UK Pension Funds and Hedge Funds

When will the courting turn into a committed relationship?

Originally published in the December 2006/January 2007 issue

There is almost universal consensus that pension funds’ future allocations into hedge fund strategies will increase. The real debate is by how much, and when? Recent market intelligence reveals that approximately 3% of UK pension funds’ assets are in hedge funds or fund of hedge funds – which is significantly lower than the US and many countries in continental Europe. Bearing in mind that several defined benefit schemes of FTSE100 companies are reported to have recently lurched into deficit, the diversification benefits and risk-adjusted return profile offered by funds of hedge funds, as well as other low-correlated alternative investments, are becoming increasingly hard to ignore.

So what are the reasons for UK pension funds’ relatively low exposure to alternatives? Undoubtedly, the scepticism shown by the large consultants towards hedge fund strategies was a major factor until quite recently, which, in turn has contributed to low levels of understanding of hedge fund strategies amongst Trustees.

Paul Myners, Chairman of Ermitage, has highlighted that “one of the core problems in the UK is that the average Trustee spends less than 12 hours a year on investment management. Being a Trustee is a grown-up job that requires a lot of time, effort and hard work to understand the issues. What is required is the ‘professionalisation’ of Trusteeship, or the inclusion of investment professionals at an executive level in pension schemes.”

It is interesting to reflect on the fact that other European markets (such as Scandinavia), where the historical influence of consultants has been lower, have a greater acceptance of hedge funds and their role within a balanced portfolio. Clearly the US Pensions/Endowment market has embraced the use of hedge funds and, on that basis, as seen in ‘Waves across the Atlantic’, it is only a matter of time before the UK adopts the same model. We are not alone in the industry in believing that we are at the tipping point in terms of UK pension schemes allocating assets to hedge funds. The recent decision of BT – the UK’s largest retirement fund – to switch around a third of its UK equity holdings (about £3bn) into alternative assets is significant.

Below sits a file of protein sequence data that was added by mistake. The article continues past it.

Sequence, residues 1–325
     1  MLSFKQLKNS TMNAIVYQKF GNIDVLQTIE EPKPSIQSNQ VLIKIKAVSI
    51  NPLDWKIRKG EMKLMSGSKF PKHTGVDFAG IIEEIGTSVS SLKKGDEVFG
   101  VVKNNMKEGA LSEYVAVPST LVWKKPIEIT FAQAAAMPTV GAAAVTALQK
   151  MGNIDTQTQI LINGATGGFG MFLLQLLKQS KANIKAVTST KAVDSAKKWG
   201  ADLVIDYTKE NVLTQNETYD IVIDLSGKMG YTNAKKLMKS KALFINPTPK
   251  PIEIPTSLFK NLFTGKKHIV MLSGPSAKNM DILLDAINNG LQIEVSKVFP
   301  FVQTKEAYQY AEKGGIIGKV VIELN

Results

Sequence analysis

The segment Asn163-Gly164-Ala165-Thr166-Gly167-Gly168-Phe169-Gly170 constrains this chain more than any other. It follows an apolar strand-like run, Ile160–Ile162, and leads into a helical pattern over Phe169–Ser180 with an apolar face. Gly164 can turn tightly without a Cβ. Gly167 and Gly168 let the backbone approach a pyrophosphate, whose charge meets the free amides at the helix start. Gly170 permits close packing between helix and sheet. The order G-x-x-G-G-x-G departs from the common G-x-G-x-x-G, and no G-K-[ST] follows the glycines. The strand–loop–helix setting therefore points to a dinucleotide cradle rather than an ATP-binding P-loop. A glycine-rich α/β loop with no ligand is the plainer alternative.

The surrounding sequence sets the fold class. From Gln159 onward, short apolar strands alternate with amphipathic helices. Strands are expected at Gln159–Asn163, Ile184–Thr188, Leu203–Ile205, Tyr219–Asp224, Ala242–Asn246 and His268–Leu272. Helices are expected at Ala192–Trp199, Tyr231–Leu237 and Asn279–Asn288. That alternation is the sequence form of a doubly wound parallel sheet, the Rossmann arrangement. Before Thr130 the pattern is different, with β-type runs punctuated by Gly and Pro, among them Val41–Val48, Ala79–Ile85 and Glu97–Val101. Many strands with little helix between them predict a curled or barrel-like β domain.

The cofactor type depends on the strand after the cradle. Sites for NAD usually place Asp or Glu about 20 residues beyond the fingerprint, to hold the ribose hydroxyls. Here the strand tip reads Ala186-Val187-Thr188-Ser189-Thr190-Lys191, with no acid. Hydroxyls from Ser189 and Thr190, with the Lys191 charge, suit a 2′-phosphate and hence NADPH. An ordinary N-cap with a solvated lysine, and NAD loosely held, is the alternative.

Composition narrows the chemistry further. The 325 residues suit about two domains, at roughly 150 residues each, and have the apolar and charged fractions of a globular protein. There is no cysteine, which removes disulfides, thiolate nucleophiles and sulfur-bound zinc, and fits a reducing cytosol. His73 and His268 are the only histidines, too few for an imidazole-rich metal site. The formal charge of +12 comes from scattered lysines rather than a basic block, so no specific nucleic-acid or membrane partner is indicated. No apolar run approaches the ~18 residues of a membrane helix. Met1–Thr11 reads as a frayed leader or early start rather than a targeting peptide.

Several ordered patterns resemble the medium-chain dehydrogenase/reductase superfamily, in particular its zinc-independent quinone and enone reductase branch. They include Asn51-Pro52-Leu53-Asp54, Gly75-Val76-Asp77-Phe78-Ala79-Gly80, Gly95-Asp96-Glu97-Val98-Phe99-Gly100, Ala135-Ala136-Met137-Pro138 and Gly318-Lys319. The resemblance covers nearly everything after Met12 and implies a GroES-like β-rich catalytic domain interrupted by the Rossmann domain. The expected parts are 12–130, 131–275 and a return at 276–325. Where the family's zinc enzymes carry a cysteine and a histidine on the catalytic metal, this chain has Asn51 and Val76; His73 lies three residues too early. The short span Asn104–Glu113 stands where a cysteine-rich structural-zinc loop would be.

Taking a more global perspective, Infovest21’s Sixth Annual White Paper on Institutional Developments in the Hedge Fund Community (June 2005 to June 30th 2006) observed that over half of the inflows into hedge funds were from institutions, and this was expected to rise to about 53% by 2008. Another study estimates pension fund allocations will be $400 billion in 2006 and reach $950 billion by 2010. Undoubtedly, hedge funds are becoming more mainstream, as the number of institutional investors allocating to hedge funds builds and market penetration grows.

The greatest challenge facing sponsors is the ability to achieve target returns in a low-return environment. Asset-liability risk management and improving or maintaining funded status are also high on the list of concerns. Hedge funds can help pension funds to match their liabilities, because they can achieve the absolute return that pension schemes require. In general terms, the case for an allocation to a fund of hedge fund centres around the ability to enhance asset return at an acceptably low cost in volatility, or, conversely, to reduce overall volatility with little or no effect on return. As the performance of many hedge fund strategies is driven by risk factors that are largely independent of market direction, the intelligent combination of traditional and alternative strategies within a portfolio can combine to create a more desirable or consistent investment outcome.

Our experience, which we feel is reflected across the industry, is that an increasing number of clients are approaching it in this way – viewing hedge funds as a set of complimentary tools to enhance the overall risk/volatility profile of their investment portfolios. Under these circumstances, it is clear that there is no “one size fits all solution”. The type of hedge fund portfolio that is most suitable will depend on the circumstances of the individual plan.

Our view is that we are moving into an era of ‘intelligent investing’ where the boundaries between traditional and alternative will blur and where investment managers will become far more innovative and solution-orientated. By this we mean using hedge funds as an integral part of portfolio construction, considering the whole rather than segregating hedge funds into a separate asset class. You only have to look at Portable Alpha initiatives to illustrate this thinking – the transition of a long only portfolio into a tracker plus alpha generator – as an example of ‘blurring of boundaries’ of traditional and alternative asset management.

Liability Driven Investment is becoming a bigger topic on a daily basis, as is the acceptance that absolute return may well be a better answer than ‘tracking the MSCI World Equity Index’. Looking forward, those Pension Fund Trustees who appreciate the value of adding risk controlled hedge funds to a portfolio will be well placed to manage scheme liabilities with greater certainty than before.